The film director and writer chooses 'The Subway' by George Tooker, an artist who John McEwen describes as 'one of the most original and mysterious American painters of the 20th century'.
Mike Leigh on The Subway by George Tooker
‘I love this wonderful painting for both its craft and its meaning. Bleakly witty, yet expansively compassionate, Tooker captures the essence of the alienation of modern urban existence.
‘His characters are archetypal, yet individually characterised, and there’s somehow an underlying message about the fraught coexistence of women and men. And how beautifully Tooker uses his painstaking skills with egg tempera to achieve his evocative world, simultaneously dead real and strangely eerie.
‘There’s a huge difference between this world and that of my films and plays, yet I do feel a particular rapport with Tooker. Perhaps it’s something to do with the way he choreographs his characters, or is it just his sense of humour and pathos?’
Mike Leigh is a writer and film director. His most recent film is Peterloo.
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John McEwen on Tooker and The Subway
The New York artist George Tooker worked counter to artistic fashion for much of his career. He painted figurative pictures of commuters and offices that express feelings of anxiety and isolation peculiar to city life in the technologically driven modern world. Art fashion was for abstraction, from muscular Expressionism to bare Minimalism, and only loosened its doctrinaire hold as he entered old age.
In the 1980s, Tooker was rediscovered by a younger art-world generation, who lauded him as one of the most original and mysterious American painters of the 20th century.
Tooker was born in Brooklyn and grew up in Bellport, Long Island, where he studied painting as a boy with a local artist. He read English at Harvard, but continued to draw and paint and, after military discharge on medical grounds, he studied painting at the Art Students League in New York. There, he adopted the ancient and painstakingly slow medium of egg tempera, which suited his contemplative temperament and reduced his output to, at most, four paintings a year.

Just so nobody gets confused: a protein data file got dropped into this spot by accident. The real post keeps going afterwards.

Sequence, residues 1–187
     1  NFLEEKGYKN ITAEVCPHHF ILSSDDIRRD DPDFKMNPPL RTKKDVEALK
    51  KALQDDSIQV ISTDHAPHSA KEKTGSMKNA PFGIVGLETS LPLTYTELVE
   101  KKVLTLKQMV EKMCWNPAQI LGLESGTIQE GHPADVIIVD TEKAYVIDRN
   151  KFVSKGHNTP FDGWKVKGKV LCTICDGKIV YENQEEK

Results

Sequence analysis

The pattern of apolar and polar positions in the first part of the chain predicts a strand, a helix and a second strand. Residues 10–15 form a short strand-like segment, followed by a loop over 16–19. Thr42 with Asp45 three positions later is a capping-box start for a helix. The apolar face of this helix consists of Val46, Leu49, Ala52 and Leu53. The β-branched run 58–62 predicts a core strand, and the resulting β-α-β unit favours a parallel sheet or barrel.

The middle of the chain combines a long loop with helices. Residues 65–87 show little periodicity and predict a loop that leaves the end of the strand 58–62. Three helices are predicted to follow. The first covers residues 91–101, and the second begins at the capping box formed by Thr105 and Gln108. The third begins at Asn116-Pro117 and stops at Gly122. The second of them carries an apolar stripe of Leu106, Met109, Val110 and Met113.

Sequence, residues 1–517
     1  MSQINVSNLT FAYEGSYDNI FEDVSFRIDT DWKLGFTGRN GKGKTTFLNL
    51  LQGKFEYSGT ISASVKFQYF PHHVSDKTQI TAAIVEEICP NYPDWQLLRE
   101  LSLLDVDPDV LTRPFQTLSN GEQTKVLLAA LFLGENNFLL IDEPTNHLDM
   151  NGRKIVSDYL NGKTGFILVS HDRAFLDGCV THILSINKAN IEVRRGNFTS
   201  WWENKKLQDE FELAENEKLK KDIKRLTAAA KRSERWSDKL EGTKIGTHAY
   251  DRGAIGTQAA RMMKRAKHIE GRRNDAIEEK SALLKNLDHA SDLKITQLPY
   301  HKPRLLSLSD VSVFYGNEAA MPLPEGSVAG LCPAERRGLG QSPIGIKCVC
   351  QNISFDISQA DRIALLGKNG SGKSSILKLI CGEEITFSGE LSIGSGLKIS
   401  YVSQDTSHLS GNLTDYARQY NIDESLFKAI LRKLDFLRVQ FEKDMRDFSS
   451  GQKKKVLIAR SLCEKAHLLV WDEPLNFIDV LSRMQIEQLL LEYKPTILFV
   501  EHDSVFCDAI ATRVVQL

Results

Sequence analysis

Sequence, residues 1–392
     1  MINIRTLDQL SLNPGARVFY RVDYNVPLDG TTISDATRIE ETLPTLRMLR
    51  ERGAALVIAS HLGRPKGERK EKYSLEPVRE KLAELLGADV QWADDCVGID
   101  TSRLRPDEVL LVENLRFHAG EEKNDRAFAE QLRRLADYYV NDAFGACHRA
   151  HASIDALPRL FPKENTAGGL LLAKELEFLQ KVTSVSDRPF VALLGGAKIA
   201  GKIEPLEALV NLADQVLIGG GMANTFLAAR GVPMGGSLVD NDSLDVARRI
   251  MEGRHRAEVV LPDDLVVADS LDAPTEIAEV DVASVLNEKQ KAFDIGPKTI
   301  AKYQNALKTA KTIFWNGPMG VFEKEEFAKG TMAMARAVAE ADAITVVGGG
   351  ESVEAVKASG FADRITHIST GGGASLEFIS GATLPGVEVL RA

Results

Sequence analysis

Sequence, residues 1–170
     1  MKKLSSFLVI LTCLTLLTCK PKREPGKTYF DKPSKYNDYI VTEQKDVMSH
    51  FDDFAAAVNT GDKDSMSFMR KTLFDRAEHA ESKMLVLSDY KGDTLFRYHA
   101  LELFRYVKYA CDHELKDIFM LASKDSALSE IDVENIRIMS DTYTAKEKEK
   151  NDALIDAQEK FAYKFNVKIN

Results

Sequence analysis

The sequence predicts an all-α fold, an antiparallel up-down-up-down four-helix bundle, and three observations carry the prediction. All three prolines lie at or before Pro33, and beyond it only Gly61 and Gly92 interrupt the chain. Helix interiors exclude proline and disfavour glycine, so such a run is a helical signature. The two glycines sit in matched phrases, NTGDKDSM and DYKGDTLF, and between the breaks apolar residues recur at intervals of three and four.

A trip to Italy in 1949 consolidated his use of the medium, when he saw the egg-tempera works of the Old Masters of the early Renaissance. Two of his favourites artists were the perspective pioneers Uccello and Piero della Francesca.
The Subway uses perspective to create an Existentialist nightmare. In the maze of dead ends, the several but solitary figures appear lost. The woman’s dress is a contrasting red, a colour that signals alarm.
Latterly, Tooker wintered in Spain with his partner, William Christopher. On the latter’s death in 1973, he converted to Catholicism. In 2007, Tooker received the National Medal of Arts, America’s highest award to an artist.
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